ADMISSIONS BLOG

Admissions Blog

How do you decide whether to sit for the MCAT or GAMSAT? These are two different tests that medical schools use in their admissions process. If you are applying to Duke-NUS Medical School, you have the option of taking either, as we accept both for applications to the MD and MD-PhD. Here are 10 things you should know before deciding on the MCAT or GAMSAT.

1. Both are standardized medical school entrance tests, except they are used predominantly in different regions of the world.

The MCAT is developed by the Association of American Medical Colleges (AAMC) and used mainly by medical schools in the US and Canada, while the GAMSAT is developed by the Australian Council for Educational Research (ACER) in conjunction with the Consortium of Graduate Medical Schools and used mainly by graduate-entry medical schools in Australia, Ireland and the UK. Duke-NUS Medical School accepts both tests for applications to the MD and MD-PhD.

2. The MCAT is held more frequently throughout the year, and at more countries, compared to the GAMSAT.

You should start planning to sit for either of these tests at least a year before you intend to apply to medical school, as seats are limited.

The MCAT is held each year in January, March, and April – September, with generally a few test dates per month. It can be taken in Australia, Canada, Hong Kong, Cyprus, France, Germany, Guam, Israel, Japan, Kazakhstan, Lebanon, Malaysia, Puerto Rico, Qatar, Singapore, and South Africa.

The GAMSAT is held twice each year, in March and September, and can be taken in Australia, Ireland, the UK, New Zealand, Singapore, and Washington DC. Because the MCAT offers more test dates than the GAMSAT, it provides more flexibility in re-taking the test in the same application year to try for a better score.

3. The MCAT generally has a longer validity period than the GAMSAT.

Different medical schools set different validity periods for MCAT scores, usually at least 2 years. At Duke-NUS, MCAT scores are valid for 4 years. GAMSAT scores are valid for only 2 years.

4. The MCAT is a fully multiple-choice test, while the GAMSAT has a written essay component.

The MCAT is a computer-based test that comprises a total of 230 multiple choice questions spread out over the following 4 sections:
1) Chemical and Physical Foundations of Biological Systems: 59 questions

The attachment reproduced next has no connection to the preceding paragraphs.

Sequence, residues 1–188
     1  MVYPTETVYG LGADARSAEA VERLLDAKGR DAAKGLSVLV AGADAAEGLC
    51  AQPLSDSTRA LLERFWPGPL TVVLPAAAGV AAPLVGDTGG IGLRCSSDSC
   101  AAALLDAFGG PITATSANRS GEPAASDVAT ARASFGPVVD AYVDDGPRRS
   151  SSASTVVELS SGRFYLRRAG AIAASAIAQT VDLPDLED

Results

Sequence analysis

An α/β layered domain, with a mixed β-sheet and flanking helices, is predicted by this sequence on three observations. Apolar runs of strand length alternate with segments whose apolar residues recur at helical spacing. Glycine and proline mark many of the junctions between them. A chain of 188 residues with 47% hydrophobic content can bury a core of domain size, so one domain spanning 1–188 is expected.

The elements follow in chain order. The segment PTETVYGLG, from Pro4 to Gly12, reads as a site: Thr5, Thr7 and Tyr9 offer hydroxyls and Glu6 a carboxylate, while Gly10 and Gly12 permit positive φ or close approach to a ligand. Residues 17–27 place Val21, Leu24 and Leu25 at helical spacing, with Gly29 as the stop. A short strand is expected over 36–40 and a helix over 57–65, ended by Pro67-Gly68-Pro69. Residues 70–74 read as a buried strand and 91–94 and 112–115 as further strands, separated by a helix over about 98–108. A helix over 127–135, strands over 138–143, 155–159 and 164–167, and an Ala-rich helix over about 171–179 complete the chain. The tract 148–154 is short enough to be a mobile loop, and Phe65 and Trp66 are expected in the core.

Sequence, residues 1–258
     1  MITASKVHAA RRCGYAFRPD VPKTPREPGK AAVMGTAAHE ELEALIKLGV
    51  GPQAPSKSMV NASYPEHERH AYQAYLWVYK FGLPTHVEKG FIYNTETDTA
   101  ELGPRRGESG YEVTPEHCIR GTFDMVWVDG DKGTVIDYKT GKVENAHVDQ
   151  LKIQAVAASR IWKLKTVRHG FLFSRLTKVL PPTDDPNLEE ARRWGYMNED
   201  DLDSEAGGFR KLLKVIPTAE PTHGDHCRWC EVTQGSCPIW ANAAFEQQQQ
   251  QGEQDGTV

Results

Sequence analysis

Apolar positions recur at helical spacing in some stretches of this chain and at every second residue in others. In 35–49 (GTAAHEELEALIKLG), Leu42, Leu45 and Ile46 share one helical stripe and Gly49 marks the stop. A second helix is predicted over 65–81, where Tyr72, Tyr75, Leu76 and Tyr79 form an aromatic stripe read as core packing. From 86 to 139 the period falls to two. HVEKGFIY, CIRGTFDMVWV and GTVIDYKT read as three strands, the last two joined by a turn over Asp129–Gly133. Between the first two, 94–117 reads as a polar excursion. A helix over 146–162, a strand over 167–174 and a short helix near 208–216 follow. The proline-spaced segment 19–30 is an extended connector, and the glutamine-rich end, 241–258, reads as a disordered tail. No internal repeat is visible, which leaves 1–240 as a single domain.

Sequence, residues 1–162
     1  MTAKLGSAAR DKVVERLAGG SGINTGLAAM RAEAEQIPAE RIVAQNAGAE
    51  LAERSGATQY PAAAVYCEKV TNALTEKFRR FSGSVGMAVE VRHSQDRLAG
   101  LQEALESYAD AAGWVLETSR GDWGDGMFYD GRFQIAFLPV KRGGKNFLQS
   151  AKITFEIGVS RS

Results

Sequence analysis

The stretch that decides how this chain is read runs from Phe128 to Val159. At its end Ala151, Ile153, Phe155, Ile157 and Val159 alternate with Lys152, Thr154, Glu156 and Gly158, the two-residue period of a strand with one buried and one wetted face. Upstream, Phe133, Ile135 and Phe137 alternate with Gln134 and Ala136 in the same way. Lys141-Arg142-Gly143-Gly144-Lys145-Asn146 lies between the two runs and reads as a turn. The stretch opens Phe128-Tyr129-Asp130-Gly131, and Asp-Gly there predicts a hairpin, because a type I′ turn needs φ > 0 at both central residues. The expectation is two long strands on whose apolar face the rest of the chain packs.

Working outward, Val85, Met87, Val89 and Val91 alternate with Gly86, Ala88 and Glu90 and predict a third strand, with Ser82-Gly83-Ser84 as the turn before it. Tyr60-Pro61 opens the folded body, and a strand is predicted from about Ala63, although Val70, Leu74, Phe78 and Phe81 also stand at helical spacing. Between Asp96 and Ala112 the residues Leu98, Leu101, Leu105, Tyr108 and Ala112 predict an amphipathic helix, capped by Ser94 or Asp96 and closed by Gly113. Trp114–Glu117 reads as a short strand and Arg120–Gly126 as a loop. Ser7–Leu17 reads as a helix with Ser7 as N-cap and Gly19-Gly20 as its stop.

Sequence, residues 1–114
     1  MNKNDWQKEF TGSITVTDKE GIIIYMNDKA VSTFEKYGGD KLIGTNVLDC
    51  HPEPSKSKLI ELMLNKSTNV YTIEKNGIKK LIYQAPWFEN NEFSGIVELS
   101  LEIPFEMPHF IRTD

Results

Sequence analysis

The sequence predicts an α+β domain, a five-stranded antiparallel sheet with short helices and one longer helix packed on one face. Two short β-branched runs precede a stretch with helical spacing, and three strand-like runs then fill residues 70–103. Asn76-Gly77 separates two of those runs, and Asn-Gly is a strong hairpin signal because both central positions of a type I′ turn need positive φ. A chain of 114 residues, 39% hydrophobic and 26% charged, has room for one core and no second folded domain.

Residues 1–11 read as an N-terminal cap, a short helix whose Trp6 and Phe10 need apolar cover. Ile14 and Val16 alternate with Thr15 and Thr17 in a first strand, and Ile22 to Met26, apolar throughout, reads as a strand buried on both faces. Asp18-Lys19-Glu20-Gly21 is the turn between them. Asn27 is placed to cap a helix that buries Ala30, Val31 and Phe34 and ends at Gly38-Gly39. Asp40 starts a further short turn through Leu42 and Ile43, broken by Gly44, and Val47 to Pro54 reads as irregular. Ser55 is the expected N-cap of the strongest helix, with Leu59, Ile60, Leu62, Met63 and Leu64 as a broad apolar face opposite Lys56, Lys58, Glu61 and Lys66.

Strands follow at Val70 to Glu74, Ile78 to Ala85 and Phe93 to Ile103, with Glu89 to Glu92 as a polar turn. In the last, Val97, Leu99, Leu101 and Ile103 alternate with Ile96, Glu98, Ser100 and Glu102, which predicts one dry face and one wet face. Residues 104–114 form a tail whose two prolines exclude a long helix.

2) Biological and Biochemical Foundations of Living Systems: 53 questions
3) Psychological, Social and Biological Foundations of Behaviours: 59 questions
4) Critical Analysis and Reasoning Skills: 59 questions

The GAMSAT is a paper and pencil test that comprises 3 sections:
1) Section I, Reasoning in Humanities: 75 multiple choice questions
2) Section II, Written Communication: 2 written essay questions
3) Section III, Reasoning in Biological and Physical Sciences: 110 multiple choice questions

5. Both tests require lots of stamina

The MCAT has a total content time of 6 hr 15 min, including reading time, and excluding pre-testing procedures and breaks in between each section. The consolation is there are 10-30 min breaks between each section, which last between 90-95 min each.

The GAMSAT includes 5 hr 30 min of testing time and 25 min of reading time, excluding pre-testing procedures. There is only one break between section II and III, for you to take your lunch.

6. Neither test is easier than the other.

Both test on knowledge and critical reasoning. However, subjective impressions from prep course providers and students who are familiar with both the GAMSAT and MCAT suggest that the MCAT requires greater background knowledge, while the GAMSAT appears to be more reasoning-based, even though there are also knowledge requirements from the three basic sciences (chemistry, physics and biology).

7. Study strategies for both tests are different.

We spoke to one of our MD students from the Class of 2021, Sharon Sunny, who took both the GAMSAT and MCAT. She shared the following advice:

While the required background knowledge for the MCAT and GAMSAT are similar, the question styles were very different and demanded different skillsets. For the MCAT, you need to devote time to learning the content before attempting practice questions. For the GAMSAT, I recommend doing practice questions concurrently with studying content because not as much background is needed. The MCAT and GAMSAT are quite different, so don’t use one practice test to study for the other.

8. There are recommended practice tests and guides for both.

Based on what we hear from many of our students, here are some common recommendations for practice tests and books.

MCAT: Examkrackers, Princeton Review, Kaplan, AAMC
GAMSAT: Des O’Neill, Gold Standard GAMSAT, Examkrackers

9. There are also free study resources for the MCAT and GAMSAT.

There is a wealth of free resources that you can find online when preparing for the MCAT or GAMSAT. At Duke-NUS, MCAT books are available at the library for 2-week loan, limited to 1 book per person at a time. You may email library@duke-nus.edu.sg to learn more. Duke-NUS also holds Q&A Webinars on MCAT study tips in Apr-Aug each year. More information can be found at https://www.duke-nus.edu.sg/admissions/information-sessions.

10. Duke-NUS Medical School does not set strict cut off scores for both the MCAT and GAMSAT, but assesses applicants holistically.

At Duke-NUS, we utilize a holistic admissions review process that is individualized to each applicant, and take into account a combination of personal attributes, experiences and academic accomplishments. There are no strict cut offs. The average MCAT score for our 2017 intake is 511, and we do not have average GAMSAT scores to share yet, as we have only recently begun accepting them.

REFERENCES

https://students-residents.aamc.org/applying-medical-school/taking-mcat-...

https://gamsat.acer.org/about-gamsat

Contributed By: Jamie (Duke-NUS Admissions Department)